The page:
Recently, a new file area on the Lorono’s SolidWorks Resources has been created, called Engineering and Design. The purpose of this new area is to provide some general engineering and design reference materials. These materials are not necessarily related to SolidWorks itself, but useful to its users (and really anyone in the mechanical engineering field). This new area will be expanded rapidly over the course of this month to include files that provide organized tables and functional calculations regarding on wire gages, positional tolerancing, sheet metal tolerance, thread sizes, metal coating and finishes, etc.
If there are tables, calculation spreadsheets or other data compilations you would like added to this area, please feel free to contact me with your files so that they may be included. (I will not put up copyrighted material, like images of charts made by this or that publisher, without permission from the author. However, data itself will be welcomed, preferably within an excel file.)
Also, comment here if you have any particular requests for this or any file area.
Prototype This is a show on Discovery Channel where four engineers create prototypes for radical new ideas. Dr. Mike North and Joe Grant represented the show at today’s General Session. From their entrance, we know this would be no ordinary presentation. Joe was in a Firefigther’s hat, pushing (and pulling) Mike up to the stage in one of their inventions for the local fire department. It was a cart that could carry firefighting gear up stairs and convert into a chair to assist in the rescue of trapped individuals.
They talked about the earlier struggles they had with the show’s producers in the first few episodes. The producers expected 100% successful projects of world changing scope each week (in fact they wanted two each week originally). As the show went on, the producers gained more appreciation for the design process and began to focus the show in that direction.
At the news conference that immediately followed the General Session, Mike and Joe talked about the goals of the show: to show cutting edge technology, to inspire kids, and get them to reconnect with the development process. As the show went on, they realized that kids started to think the way engineers think about design. They were becoming interested in a career in engineering.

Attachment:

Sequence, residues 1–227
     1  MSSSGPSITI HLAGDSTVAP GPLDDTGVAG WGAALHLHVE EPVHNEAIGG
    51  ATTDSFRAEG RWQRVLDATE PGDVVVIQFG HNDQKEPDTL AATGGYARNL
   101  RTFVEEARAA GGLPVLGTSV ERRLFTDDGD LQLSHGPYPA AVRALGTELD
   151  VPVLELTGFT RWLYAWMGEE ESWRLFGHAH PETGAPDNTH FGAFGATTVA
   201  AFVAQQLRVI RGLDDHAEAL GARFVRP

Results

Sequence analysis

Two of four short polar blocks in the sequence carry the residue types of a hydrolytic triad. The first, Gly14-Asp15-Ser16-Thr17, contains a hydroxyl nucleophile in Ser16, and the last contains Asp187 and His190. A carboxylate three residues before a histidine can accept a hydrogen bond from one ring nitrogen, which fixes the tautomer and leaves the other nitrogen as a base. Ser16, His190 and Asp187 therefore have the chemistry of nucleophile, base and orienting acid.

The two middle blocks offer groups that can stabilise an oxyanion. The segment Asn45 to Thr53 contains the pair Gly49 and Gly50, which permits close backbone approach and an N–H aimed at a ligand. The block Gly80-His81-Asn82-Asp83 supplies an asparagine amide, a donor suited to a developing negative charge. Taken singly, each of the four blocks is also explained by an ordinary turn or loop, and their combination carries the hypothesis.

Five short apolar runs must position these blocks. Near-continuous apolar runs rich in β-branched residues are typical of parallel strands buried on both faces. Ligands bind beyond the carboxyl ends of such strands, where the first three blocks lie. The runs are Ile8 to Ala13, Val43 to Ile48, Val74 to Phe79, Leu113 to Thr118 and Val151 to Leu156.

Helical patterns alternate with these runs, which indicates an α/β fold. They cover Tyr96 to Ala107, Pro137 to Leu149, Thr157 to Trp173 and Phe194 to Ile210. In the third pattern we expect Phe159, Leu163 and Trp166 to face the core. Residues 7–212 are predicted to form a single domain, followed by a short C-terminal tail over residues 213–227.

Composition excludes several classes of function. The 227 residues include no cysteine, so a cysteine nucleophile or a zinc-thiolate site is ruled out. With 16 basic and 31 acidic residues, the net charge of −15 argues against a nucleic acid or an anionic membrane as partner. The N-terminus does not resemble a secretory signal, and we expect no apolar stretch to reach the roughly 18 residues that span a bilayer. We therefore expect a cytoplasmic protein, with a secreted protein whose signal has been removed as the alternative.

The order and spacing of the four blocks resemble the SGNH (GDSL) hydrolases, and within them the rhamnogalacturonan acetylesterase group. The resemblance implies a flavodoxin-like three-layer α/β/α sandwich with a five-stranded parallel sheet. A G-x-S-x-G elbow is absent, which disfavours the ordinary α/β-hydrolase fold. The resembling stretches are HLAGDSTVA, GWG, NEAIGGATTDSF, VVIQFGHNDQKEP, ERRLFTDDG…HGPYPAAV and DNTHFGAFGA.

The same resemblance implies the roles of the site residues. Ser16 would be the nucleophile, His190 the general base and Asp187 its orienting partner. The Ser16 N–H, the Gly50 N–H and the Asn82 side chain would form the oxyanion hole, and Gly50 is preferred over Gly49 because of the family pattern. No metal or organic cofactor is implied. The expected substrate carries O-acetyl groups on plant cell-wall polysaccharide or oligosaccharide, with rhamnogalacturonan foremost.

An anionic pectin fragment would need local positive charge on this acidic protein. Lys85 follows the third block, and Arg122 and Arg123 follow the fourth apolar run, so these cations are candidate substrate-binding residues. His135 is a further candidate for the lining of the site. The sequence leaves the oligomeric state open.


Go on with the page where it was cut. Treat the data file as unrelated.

When the show started, many of the devices were built in very traditional ways (such as reliance on machined parts). They then started working with companies like Forecast 3D (of which I am also a customer from time to time) to utilize rapid prototyping technologies.
I asked them, “How long have you been using SolidWorks, and how did you first become aware of the software?” Mike (the mechanical guy) explained that before the show, he did not do the type of work that exposed him 3D CAD modelling often. He discovered SolidWorks through the course of the show. SolidWorks Corp provided one seat for them to use. They then started to design and conduct FEA activities with SolidWorks. Since then, it has become the show’s “bread and butter”, and that it wasÂ the “savior of the show”. Mike explained that SolidWorks helped the show go from being a build-show to become a design-show. You can’t get plugs better than that.
Another area they began using heavily was 3D printing.Â Not only did using this technology speed up the design cycle, producers where enthusiastic about being able to print actual working parts right in front of the camera. Mike and Joe showed off a wall walking device that would support 80 lbs of weight on window. The structure of the device was 3D printed. It had a shape and composition that could not be reproduced using traditional manufacturing means.
As the show progressed in season one, the producers began to understand that failure of a project is still an engineering success. Failure is needed in order to learn and to succeed. Sucess is measured by the achievements within the project. It appears that SolidWorks played a significant role in helping this transition in their mindset by providing the backbone of the design process so that sucesses could be realized much faster.